Published: April 29, 2010
Burnham's election candidates take part in lively town debate

Burnham-On-Sea's three main general election candidates answered questions on topics ranging from the economy to assisted suicide and the Severn Barrage during a public debate in the town on Wednesday evening (April 28th).

Almost 200 people attended the special 'Election Hustings Meeting' in Burnham's Baptist Church in College Street, where Conservative David Heathcoat-Amory, Liberal Democrat Tessa Munt and Labour's Andy Merryfield faced 90 minutes of questions.

The evening was overseen by Reverend Graham Witts and was organised by churches from across the Burnham and Highbridge area, while the questions were posed by members of the public.

Cost of elderly care

The first question came from Tony Bruce, who asked for the candidates' positions on the spiraling costs of caring for elderly people. Mr Merryfield said he is very aware of the ever-increasing costs, and added that the NHS is "fantastic" and that an extra care service for the elderly is being planned by Labour.

Mr Heathcoat-Amory said the cost of elderly care is a "very important one" for Burnham given the high number of retired people living here. He added: "A new government is needed to grasp the issue and take it forward."

Mrs Munt added that the spiraling costs of elderly care represent "a very serious problem" and that "the only way forward is to have all parties working together on a solution."

Electoral reform

The next question asked whether the UK's current 'first past the post' electoral system is fair to the electorate.

Mr Heathcoat-Amory said he is against any change. "No electoral system delivers what everyone wants, but the current one is tried and tested and has been in place since democracy began."

Mrs Munt disagreed, telling the audience: "We need to change the current electoral system to make it fairer - it's not good enough to say 'it's been in place for so long so let's keep it'," and she added: "It's not fair that with the current system 23,000 voters out of the 80,000 in this constituency choose the MP, meaning many voices go ignored."

Mr Merryfield said he does not believe the current system is fair. "People need to be encouraged to vote in elections and one way of encouraging them is to introduce a system so they feel listened to," he said.

Severn Barrage

The candidates were asked for their views on whether a barrage should be built across the Bristol Channel.

Mr Merryfield responded that the barrage is "an extremely sensible idea" and added that he is surprised it is taking so long to put in place. He mentioned that he is also in favour of other renewable energy sources, such as wind farms.

Mr Heathcoat-Amory said that while he believes "there is a case" for a barrage in the Bristol Channel "we don't enough about the potential movement of the millions of tonnes of silt in the estuary and whether this would create an environmental disaster. More research is needed on this."

Mrs Munt said she would prefer a tidal lagoon or offshore reef to be considered rather the barrage. "The risk of flooding here is potentially high and I feel the lagoon or reef would lessen the risks and also be less intrusive to wildlife," she said.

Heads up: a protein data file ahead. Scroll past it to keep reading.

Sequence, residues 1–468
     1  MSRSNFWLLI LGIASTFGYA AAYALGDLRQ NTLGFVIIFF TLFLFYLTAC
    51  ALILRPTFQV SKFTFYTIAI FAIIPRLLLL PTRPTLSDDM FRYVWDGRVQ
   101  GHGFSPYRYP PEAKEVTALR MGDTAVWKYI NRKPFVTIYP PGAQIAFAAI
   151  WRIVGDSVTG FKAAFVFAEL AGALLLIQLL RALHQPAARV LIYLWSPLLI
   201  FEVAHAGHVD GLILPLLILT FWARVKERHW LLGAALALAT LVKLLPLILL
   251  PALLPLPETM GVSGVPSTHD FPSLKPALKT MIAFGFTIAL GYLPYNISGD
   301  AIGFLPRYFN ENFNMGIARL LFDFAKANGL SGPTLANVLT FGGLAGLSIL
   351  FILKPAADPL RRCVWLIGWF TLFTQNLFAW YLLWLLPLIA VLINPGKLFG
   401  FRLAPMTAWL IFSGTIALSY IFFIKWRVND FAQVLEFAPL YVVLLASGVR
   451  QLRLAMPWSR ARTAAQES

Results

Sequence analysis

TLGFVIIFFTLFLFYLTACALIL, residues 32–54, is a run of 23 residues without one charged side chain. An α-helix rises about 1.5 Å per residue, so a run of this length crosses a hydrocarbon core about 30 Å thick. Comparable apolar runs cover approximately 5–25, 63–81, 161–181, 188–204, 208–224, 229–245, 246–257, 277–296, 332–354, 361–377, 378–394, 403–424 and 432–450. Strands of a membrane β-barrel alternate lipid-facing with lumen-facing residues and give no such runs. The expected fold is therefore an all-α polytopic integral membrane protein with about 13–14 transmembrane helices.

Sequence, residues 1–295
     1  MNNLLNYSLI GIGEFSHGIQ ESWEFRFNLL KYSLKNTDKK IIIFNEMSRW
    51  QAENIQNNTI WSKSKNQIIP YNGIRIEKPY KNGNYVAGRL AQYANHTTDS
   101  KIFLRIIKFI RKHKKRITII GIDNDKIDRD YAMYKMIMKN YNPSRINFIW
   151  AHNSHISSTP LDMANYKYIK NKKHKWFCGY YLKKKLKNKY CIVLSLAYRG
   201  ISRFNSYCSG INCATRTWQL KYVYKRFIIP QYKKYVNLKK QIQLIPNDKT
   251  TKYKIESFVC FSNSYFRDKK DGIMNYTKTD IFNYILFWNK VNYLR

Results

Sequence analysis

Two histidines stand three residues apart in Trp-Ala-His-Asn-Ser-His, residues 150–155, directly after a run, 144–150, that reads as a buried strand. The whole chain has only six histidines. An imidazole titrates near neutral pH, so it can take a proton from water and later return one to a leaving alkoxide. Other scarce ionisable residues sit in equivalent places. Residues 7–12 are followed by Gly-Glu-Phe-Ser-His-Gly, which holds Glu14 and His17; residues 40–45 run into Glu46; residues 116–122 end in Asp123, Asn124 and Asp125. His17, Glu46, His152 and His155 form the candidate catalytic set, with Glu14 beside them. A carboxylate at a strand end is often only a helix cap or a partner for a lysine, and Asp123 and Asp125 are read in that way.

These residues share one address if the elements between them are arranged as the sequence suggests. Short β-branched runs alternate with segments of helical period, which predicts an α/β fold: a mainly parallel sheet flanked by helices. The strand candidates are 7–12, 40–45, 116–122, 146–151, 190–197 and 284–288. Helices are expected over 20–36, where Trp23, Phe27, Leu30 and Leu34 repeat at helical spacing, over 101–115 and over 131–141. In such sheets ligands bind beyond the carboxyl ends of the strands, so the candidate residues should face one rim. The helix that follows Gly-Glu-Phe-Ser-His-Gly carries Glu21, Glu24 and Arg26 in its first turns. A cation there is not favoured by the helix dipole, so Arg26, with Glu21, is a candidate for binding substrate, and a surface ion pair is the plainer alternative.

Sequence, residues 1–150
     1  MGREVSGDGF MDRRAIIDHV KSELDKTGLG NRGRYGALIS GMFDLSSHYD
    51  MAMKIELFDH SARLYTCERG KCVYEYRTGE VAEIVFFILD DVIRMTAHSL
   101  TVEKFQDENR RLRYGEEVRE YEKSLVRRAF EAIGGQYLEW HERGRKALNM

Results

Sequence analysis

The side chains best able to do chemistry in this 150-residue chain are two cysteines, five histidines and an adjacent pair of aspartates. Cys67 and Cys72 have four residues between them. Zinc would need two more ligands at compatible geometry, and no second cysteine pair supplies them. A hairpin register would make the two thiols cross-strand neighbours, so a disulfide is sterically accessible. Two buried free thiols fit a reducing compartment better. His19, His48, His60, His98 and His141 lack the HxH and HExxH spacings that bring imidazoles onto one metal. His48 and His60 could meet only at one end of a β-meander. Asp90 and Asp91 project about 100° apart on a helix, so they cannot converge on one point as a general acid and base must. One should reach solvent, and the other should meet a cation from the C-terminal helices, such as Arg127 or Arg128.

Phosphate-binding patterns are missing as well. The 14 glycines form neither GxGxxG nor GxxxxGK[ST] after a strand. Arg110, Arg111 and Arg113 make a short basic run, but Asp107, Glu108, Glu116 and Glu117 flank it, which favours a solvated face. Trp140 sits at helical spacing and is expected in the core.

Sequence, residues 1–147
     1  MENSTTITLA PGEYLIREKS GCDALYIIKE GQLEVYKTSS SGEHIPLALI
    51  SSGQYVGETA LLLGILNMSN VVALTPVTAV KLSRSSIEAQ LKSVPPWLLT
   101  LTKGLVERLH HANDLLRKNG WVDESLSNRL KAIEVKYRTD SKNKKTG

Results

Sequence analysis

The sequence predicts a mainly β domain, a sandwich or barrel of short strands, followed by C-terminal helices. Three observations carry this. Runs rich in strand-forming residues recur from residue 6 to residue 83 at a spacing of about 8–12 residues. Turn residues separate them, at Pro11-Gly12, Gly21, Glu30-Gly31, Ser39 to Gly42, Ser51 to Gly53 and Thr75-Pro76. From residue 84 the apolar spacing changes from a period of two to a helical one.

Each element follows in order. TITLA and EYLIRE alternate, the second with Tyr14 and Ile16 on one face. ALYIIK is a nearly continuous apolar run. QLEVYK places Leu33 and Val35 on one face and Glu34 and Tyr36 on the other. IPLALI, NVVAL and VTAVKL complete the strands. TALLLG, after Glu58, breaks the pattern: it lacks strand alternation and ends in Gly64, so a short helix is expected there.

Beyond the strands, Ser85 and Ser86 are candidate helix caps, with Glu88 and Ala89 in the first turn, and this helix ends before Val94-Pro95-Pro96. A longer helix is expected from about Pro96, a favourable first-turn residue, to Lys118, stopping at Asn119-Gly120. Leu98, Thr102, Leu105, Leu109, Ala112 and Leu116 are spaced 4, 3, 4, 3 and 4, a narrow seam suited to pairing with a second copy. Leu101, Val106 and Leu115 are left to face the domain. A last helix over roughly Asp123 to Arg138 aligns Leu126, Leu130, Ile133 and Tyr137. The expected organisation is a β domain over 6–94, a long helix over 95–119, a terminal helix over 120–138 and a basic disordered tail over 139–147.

War in Afghanistan

The three candidates were asked for their views on what criteria are needed to determine whether British troops should be removed from Afghanistan.

Mr Merryfield said: "It would be crazy to withdraw from Afghanistan at the moment - we are starting to get it right."

Mrs Munt added: "History shows it is difficult to embark on military action there. I agree that it is not clear why we are there - is it oil, Pakistan, drugs or even terrorism? We need to talk to the Taliban and reach a position where we can bring our troops home."

Mr Heathcoat-Amory responded: "Our troops need to have clear war aims and a clear exit, but they have neither. It was irresponsible to send troops there without this. We need a clear strategy."

Assisted suicide

The candidates were asked whether they would support the controversial introduction of assisted suicide.

Mr Heathcoat-Amory said he has voted against the introduction in previous Commons votes on the matter. "It is a very difficult issue involving ethics and morality. I hope we never get to the position where the elderly feel they are a burden and are under pressure to sign a piece of paper. It is a very contentious issue."

Mrs Munt added: "I can understand the pain and difficulty that people go through and why this would be considered, but I don't think I could vote for assisted suicide because I can't see how we would protect the vulnerable."

Mr Merryfield said he is "personally opposed to it" although he said he can understand why it is sometimes considered.

Other questions were asked regarding Bovine TB, the job of tackling the budget deficit, overseas financial aid and the need for education reform.

Candidates from UKIP, the BNP and Green Party were not invited to the event as organisers wanted to focus on the political parties that will have the most influence in the next Parliament.


Bookmark and Share

Search|Add to your Bookmarks|Send a mail from|Print this page|Back to previous page|Discuss this article|

Burnham-On-Sea Seafront Webcam
Burnham-On-Sea Webcam
24-hour live pictures
See live images of the seafront and beach with Burnham's Webcam. Click here

Burnham-On-Sea What's On
What's On In Burnham-On-Sea
Things to see and do
Check the constantly updated calendar for what's happening. Click here

Burnham-On-Sea Shops
Burnham-On-Sea Shopping Guide
Buy in Burnham!
Support local traders by shopping in town - see our A-Z index of businesses. Click here

Burnham-On-Sea Video
Burnham-On-Sea Video
Burnham video news
Watch video highlights of events across Burnham with these video clips. Click here